The legislation was requested by the state Fish and Wildlife Department to reimburse farmers and ranchers who lose animals to the recovering wolf population.
State wildlife managers say the wolf population doubled in Washington last year and they now estimate there are 50 to 100 gray wolves in at least 10 packs. Most of the wolves are in the northeast corner of the state in Okanogan, Ferry, Stevens and Pend Oreille counties.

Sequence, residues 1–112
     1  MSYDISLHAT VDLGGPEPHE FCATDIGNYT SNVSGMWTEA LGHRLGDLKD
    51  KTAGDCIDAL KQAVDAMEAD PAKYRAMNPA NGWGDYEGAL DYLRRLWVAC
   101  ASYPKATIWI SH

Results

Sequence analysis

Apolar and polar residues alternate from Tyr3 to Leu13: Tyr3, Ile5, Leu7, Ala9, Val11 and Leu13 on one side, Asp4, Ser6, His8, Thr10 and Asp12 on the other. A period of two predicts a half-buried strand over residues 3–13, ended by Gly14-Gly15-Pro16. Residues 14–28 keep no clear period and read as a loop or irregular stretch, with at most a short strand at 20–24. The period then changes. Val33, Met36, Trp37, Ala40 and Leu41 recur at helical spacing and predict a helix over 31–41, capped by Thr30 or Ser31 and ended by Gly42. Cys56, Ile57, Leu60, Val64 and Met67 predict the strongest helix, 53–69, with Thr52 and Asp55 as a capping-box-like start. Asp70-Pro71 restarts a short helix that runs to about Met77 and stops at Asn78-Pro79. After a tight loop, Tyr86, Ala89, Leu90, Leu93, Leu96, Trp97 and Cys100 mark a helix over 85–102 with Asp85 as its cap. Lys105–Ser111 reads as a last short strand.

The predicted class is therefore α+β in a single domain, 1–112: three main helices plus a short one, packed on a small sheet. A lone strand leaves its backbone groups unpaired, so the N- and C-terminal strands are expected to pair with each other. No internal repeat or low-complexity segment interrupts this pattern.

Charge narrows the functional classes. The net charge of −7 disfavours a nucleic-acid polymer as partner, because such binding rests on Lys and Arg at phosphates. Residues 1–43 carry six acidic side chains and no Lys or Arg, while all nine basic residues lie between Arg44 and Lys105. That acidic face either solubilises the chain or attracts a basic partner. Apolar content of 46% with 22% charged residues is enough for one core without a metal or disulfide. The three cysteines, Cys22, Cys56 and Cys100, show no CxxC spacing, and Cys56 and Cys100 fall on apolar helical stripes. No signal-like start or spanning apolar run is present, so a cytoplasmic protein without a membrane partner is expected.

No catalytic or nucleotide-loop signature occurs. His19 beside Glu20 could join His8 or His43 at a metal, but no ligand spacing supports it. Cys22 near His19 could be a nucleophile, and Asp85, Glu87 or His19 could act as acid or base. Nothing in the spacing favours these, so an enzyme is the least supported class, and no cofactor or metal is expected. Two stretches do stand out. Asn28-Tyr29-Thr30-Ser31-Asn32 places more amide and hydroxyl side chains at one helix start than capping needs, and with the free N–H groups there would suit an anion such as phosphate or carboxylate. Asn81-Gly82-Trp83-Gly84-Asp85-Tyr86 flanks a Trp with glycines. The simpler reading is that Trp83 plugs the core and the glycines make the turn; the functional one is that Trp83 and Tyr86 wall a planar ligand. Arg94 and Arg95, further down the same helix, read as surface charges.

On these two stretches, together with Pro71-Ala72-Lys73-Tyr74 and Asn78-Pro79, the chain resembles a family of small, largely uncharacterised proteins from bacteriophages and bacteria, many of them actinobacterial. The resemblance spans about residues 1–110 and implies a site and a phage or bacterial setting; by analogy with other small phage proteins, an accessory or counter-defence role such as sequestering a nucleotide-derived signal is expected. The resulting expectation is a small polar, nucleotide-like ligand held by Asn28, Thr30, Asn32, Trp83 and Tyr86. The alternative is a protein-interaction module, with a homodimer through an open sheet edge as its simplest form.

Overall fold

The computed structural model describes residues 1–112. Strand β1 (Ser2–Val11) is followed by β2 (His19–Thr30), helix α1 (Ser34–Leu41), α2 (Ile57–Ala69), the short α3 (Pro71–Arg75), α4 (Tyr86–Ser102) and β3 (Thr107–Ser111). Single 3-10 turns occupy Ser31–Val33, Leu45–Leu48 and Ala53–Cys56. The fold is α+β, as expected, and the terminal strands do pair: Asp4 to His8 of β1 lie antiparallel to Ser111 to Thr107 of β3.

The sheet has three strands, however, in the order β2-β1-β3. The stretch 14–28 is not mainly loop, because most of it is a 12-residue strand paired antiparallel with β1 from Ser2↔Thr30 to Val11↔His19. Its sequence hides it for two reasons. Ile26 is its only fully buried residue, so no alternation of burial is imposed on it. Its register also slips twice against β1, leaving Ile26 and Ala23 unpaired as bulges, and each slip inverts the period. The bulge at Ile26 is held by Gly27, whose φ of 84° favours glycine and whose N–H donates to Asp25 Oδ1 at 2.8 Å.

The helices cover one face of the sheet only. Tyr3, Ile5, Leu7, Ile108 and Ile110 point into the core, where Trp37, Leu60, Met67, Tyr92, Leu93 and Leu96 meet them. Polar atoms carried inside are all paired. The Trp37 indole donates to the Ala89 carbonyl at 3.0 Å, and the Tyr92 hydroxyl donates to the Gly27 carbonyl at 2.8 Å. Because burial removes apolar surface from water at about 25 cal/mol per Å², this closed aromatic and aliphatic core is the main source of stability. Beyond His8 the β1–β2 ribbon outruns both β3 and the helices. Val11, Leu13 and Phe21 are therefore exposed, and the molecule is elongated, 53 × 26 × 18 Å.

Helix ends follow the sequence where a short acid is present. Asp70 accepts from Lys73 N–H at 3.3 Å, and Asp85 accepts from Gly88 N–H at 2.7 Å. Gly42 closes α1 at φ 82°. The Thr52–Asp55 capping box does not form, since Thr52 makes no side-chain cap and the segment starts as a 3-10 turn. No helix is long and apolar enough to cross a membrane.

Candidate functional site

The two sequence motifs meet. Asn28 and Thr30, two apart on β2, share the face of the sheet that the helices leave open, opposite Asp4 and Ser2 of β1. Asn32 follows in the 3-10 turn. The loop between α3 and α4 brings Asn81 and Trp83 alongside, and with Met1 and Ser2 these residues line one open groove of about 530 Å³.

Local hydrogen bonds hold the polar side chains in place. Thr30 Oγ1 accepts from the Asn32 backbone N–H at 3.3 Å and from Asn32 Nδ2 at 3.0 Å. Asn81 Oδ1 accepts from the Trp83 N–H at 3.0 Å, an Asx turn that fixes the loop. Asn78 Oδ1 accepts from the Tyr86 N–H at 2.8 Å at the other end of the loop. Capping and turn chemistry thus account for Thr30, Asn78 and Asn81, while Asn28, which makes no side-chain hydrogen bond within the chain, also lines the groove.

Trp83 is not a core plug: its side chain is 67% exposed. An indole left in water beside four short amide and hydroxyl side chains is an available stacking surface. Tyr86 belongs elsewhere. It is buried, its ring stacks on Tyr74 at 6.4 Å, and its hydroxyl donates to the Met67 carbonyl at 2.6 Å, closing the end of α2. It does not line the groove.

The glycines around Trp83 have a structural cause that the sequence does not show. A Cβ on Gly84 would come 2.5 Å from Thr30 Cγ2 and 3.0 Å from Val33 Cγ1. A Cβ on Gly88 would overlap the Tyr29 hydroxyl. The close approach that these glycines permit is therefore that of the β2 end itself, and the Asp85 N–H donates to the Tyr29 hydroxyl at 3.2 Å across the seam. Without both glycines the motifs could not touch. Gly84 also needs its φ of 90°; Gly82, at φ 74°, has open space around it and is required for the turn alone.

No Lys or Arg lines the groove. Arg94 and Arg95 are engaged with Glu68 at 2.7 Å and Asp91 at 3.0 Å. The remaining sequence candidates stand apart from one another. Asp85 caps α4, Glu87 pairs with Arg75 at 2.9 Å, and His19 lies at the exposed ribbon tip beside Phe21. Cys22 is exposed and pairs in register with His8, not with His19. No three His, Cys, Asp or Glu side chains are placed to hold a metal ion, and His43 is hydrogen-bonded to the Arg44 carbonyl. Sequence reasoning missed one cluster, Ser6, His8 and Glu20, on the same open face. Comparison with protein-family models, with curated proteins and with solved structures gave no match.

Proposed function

More Northwest Headlines
1 dead, 2 injured in drive-by shooting in Federal Way 8:09 a.m. Yakima youngsters mix Legos, science education Activists rappel off Oregon bridge to stop Shell icebreaker Stanwood man pleads guilty to stealing from Swinomish tribe Death penalty dropped from Carnation killings trial Poll: Just 30 percent inclined to re-elect Gov. Inslee GOP lawmakers want Washington to look at Planned Parenthood Salvation Army sets up charging ports for Portland homeless
Our new comment system is not supported in IE 7. Please upgrade your browser here.